(B. 1927, Santa Monica, CA.)
Film-maker and author Kenneth Anger’s fi rst work Fireworks was awarded in 1949 by Jean Cocteau at his Festival du Film Maudit in Biarritz. He soon became notorious for his depictions of violence, homo-eroticism and the male group, subjects he returned to in subsequent works such as Scorpio Rising, about motorcycle gangs in New York, or the unfi nished Kustom Kar Kommandos, a voyeurist look at Californian hot-rod culture. With his evocative narrative imagery and unfailing stylistic sense for the portrayal of an environment, Anger exerted an infl uence on directors such as Martin Scorsese and David Lynch. Elements of the occult frequently recur in his work; this was a lifelong interest for Anger. After the turbulence of the production of Lucifer Rising of during the early 1980s, Anger withdrew from fi lmmaking. Since 2000 he has shown a number of new works at various festivals.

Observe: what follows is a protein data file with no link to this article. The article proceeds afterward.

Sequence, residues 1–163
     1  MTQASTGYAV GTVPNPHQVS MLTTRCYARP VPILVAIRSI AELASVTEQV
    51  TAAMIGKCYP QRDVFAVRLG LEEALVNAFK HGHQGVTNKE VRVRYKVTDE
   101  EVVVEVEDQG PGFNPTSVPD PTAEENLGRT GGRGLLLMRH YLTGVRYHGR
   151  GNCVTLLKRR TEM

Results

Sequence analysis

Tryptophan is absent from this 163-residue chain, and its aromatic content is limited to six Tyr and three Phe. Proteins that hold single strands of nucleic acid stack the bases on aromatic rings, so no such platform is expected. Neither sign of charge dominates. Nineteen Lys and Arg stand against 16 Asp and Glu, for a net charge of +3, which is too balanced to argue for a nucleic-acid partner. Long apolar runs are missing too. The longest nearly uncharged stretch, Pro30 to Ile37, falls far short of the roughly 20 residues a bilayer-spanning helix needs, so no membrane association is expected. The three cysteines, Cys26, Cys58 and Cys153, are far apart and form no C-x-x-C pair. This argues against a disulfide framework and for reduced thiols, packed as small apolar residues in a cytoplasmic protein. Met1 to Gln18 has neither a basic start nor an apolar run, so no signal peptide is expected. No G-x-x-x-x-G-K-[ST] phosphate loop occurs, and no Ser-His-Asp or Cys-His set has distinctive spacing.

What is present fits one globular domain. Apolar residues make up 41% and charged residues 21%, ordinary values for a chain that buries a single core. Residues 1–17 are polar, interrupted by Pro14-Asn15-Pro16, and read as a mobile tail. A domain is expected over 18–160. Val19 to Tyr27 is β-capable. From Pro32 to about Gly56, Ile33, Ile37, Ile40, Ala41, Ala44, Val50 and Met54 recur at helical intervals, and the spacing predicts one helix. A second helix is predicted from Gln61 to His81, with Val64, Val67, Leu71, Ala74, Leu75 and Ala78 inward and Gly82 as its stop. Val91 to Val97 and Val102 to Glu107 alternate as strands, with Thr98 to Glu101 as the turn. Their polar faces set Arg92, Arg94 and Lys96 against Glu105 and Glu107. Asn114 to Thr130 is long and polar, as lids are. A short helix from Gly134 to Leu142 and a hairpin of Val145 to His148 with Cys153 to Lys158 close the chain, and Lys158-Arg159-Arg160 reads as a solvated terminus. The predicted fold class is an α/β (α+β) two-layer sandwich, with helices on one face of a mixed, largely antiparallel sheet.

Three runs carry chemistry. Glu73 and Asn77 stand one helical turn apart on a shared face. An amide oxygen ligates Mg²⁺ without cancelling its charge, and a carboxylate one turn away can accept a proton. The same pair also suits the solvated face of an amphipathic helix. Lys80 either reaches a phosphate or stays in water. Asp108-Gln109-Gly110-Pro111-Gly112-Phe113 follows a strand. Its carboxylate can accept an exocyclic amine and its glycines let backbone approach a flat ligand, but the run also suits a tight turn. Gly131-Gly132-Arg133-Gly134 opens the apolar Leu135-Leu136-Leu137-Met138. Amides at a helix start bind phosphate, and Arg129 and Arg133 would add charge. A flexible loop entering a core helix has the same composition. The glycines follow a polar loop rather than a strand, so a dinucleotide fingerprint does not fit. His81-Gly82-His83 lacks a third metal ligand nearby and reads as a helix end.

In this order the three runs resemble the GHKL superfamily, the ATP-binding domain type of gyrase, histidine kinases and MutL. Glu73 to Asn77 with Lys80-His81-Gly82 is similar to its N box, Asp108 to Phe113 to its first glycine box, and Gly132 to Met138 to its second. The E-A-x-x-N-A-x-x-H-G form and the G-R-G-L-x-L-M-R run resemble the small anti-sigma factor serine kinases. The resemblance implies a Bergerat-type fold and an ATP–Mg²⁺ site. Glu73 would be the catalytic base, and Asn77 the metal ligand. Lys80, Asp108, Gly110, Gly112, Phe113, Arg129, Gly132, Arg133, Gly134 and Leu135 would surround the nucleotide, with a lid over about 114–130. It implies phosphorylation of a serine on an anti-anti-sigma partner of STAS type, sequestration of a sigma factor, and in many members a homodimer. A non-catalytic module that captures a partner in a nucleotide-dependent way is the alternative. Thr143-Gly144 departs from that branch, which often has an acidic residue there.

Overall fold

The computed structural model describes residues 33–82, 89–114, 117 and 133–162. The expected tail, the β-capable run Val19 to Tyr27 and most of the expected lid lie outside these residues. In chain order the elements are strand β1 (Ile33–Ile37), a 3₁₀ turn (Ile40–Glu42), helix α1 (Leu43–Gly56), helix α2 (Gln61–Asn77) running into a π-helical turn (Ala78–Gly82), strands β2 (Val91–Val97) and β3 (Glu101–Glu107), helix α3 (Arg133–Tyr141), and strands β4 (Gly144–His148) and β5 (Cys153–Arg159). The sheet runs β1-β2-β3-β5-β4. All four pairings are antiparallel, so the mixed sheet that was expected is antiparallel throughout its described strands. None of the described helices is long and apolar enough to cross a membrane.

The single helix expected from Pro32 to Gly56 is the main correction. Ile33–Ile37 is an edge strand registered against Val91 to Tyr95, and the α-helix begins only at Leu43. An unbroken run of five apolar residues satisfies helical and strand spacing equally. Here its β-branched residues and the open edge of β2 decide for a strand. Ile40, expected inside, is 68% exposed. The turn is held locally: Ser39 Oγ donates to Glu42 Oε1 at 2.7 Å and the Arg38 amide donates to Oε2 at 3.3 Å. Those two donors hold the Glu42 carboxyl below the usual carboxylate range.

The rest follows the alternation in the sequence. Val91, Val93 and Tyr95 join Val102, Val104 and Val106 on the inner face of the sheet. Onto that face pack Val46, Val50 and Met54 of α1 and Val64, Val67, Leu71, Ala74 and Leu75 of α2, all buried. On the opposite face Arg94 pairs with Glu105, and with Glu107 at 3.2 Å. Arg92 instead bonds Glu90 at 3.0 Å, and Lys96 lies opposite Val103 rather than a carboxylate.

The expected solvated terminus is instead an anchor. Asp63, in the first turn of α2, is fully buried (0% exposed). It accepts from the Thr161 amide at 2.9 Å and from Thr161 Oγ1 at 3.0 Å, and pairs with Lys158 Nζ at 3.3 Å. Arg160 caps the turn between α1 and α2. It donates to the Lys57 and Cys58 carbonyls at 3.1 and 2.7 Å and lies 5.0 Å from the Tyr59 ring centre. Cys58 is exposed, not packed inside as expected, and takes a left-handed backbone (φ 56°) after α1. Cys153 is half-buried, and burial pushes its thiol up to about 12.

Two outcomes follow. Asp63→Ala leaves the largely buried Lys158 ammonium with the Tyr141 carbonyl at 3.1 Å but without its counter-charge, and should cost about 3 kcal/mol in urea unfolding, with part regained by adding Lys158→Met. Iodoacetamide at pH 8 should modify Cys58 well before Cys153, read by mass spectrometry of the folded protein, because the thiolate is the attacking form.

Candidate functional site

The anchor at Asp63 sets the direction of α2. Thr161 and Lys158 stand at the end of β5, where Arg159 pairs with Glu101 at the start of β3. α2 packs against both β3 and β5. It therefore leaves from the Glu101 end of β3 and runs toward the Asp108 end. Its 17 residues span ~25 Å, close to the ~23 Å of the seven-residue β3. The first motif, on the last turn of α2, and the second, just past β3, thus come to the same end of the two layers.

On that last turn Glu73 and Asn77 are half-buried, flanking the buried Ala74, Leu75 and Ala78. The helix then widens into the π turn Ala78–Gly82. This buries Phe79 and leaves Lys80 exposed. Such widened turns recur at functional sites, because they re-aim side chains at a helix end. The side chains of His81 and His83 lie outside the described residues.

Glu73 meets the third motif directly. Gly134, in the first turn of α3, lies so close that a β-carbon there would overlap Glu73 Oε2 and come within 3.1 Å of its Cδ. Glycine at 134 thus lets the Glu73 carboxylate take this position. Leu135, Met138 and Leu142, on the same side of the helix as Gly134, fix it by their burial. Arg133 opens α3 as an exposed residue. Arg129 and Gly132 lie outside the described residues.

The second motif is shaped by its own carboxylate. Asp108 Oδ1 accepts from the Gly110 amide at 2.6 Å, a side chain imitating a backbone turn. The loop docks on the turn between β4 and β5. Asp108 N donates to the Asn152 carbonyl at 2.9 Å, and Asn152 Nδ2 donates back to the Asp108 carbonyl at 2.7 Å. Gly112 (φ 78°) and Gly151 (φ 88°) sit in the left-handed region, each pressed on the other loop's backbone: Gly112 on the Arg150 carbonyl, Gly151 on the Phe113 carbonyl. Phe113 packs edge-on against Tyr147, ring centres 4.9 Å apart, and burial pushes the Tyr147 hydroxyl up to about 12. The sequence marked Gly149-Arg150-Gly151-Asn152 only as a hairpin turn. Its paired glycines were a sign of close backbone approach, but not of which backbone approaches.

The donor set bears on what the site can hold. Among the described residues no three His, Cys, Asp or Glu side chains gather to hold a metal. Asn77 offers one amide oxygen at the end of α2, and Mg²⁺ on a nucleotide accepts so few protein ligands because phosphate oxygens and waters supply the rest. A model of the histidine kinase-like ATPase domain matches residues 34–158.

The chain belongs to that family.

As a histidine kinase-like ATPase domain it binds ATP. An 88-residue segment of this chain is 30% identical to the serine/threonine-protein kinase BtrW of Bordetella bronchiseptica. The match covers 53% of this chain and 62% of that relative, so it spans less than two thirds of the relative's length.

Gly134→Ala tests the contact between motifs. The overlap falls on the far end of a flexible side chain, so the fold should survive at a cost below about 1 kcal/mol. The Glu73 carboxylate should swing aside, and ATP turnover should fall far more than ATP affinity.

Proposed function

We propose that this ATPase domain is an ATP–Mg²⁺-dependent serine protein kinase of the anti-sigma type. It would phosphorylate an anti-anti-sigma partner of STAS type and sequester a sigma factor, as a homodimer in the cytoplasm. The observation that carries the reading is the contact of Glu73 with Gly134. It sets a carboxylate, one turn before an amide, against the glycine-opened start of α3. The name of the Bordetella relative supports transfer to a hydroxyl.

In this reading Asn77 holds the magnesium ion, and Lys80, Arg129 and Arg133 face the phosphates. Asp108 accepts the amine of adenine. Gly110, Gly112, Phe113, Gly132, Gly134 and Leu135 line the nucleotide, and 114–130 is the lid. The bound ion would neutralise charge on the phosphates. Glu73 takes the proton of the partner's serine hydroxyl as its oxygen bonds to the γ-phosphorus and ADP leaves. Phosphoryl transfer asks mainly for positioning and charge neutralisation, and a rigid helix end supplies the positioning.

Cinema Studies, University of Southern California, L.A.
2001 SITE Santa Fe, NM.; 2006 Whitney Biennial, Whitney Museum of American Art, New York; Centre Pompidou, Paris.
Kustom Kar Kommandos, 1965
Courtesy Canyon Cinema, San Francisco